Current models in production[edit]

Ravon Nexia R3
Ravon R4

Former models in production[edit]

Gallery[edit]

Currently produced cars under Ravon brand[edit]

Currently produced cars under Chevrolet brand[edit]

Discontinued models[edit]

GM Powertrain Uzbekistan[edit]

Following a new agreement in 2008, the joint venture GM Powertrain Uzbekistan opened an engine plant in Tashkent, 400 kilometres (248.5 mi) from GM Uzbekistan's vehicle manufacturing facility in Asaka, in November 2011. GM owns 52% and UzAvtosanoat has a 48% stake in the Powertrain JV. The factory is GM's first engine plant in Uzbekistan. It will produce more than 225,000 1.2L and 1.5L engines a year for use in GM small passenger cars around the world.[29]

References[edit]

  1. ^ https://www.gazeta.uz/ru/2018/01/12/auto/
  2. ^ a b "Uzbek Carmakers Produce a Millionth Car at Asaka Plant". jahonnews.uz. Retrieved 23 July 2010.
  3. ^ "GM Uzbekistan to build Chevrolet small car". autoevolution. 15 February 2010. Retrieved 23 July 2010.
  4. ^ a b https://gmauthority.com/blog/2019/07/gm-uzbekistan-now-wholly-owned-by-uzbek-government/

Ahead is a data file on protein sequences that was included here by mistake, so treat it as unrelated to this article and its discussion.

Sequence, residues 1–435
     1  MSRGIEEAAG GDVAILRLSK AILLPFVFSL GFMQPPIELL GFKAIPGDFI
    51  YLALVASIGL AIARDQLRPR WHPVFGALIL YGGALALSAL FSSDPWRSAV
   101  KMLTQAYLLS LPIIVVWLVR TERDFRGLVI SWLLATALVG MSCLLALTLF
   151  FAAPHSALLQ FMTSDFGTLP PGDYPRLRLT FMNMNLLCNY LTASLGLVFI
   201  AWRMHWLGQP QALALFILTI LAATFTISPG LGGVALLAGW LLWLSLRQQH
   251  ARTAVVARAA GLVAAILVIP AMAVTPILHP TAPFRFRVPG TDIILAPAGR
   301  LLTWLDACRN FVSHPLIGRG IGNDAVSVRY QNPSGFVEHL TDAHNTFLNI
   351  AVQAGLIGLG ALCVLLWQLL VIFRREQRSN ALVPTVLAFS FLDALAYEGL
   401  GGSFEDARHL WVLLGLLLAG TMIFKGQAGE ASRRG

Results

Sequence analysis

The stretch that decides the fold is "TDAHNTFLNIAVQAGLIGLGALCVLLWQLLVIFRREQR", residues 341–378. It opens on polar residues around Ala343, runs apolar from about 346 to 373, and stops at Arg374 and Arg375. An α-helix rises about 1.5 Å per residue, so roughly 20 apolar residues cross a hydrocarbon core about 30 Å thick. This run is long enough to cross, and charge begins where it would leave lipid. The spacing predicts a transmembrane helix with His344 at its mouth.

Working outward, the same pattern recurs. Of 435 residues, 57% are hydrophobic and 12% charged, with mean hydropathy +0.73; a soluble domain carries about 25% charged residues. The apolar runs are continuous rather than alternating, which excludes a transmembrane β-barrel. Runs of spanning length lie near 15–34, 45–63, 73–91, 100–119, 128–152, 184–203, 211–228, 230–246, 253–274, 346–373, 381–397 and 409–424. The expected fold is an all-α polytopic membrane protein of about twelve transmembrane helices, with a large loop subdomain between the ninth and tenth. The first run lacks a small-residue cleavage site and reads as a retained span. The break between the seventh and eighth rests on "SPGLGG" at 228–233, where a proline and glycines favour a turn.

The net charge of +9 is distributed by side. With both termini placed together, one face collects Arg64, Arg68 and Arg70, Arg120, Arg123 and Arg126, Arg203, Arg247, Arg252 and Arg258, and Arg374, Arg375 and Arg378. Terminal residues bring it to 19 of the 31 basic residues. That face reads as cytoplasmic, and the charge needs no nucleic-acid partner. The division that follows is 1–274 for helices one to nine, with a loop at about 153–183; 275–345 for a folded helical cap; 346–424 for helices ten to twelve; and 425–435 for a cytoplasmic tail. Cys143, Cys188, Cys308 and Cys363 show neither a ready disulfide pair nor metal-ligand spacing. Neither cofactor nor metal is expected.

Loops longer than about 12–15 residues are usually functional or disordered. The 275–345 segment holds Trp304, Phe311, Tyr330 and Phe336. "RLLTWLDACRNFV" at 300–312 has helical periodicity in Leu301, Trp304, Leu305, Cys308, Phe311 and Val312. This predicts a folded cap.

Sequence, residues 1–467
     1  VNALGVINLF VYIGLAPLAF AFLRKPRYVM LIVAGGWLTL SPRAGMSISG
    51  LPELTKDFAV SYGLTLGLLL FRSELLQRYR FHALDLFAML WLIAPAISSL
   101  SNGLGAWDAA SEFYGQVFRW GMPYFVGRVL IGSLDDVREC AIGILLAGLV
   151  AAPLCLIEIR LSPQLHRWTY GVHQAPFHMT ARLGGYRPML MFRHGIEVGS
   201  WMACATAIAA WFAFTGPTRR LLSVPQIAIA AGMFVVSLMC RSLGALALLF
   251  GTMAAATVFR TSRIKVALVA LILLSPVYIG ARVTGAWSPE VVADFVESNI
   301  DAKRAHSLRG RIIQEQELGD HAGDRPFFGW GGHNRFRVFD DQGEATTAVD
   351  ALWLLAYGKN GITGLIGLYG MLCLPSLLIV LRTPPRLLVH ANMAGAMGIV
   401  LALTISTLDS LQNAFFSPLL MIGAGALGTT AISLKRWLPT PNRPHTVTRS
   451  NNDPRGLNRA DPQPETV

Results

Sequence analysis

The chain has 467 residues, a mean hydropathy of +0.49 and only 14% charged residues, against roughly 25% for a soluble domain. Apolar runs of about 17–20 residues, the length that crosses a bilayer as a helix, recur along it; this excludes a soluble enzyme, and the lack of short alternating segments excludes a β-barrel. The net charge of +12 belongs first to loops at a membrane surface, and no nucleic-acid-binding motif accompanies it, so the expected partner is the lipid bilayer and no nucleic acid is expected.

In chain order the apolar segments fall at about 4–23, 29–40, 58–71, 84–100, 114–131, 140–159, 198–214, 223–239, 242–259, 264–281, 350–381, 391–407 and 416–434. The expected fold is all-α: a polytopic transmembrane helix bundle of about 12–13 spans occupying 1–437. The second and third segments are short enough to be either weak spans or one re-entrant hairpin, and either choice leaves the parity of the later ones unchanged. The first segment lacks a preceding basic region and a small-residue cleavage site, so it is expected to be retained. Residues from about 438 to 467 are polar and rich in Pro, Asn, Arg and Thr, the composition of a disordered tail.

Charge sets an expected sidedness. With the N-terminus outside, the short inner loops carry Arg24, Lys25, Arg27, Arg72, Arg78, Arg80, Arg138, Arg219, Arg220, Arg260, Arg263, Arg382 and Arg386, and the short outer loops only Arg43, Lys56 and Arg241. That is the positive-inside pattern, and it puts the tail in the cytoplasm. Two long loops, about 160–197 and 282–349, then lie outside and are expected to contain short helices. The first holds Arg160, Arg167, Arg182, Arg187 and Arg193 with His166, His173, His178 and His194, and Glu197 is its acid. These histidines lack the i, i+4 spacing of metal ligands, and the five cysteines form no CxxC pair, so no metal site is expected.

5. ^ "Asaka automobile plant turns 13". The Governmental portal of the Republic of Uzbekistan. 18 July 2009. Archived from the original on 21 April 2013. Retrieved 31 December 2012.
  6. ^ "UzAvtosanoat - The Millionth Car". avtoolam.sarkor.uz. 9 December 2008. Retrieved 23 July 2010.[permanent dead link]
  7. ^ a b "The history of the company". en.uzdaewoo.ru. Archived from the original on 20 March 2012. Retrieved 23 July 2010.
  8. ^ "Company GM Uzbekistan (Uz-Daewoo)". en.uzdaewoo.ru. 18 December 2009. Archived from the original on 20 March 2012. Retrieved 23 July 2010.
  9. ^ "About the company". en.uzdaewoo.ru. Archived from the original on 22 April 2012. Retrieved 23 July 2010.
  10. ^ "Uzbek Carmakers Produce a Millionth Car at Asaka Plant". jahonnews.uz. 28 November 2008. Archived from the original on 15 February 2015. Retrieved 23 July 2010.
  11. ^ "Uzavtosanoat website". Retrieved 4 May 2011.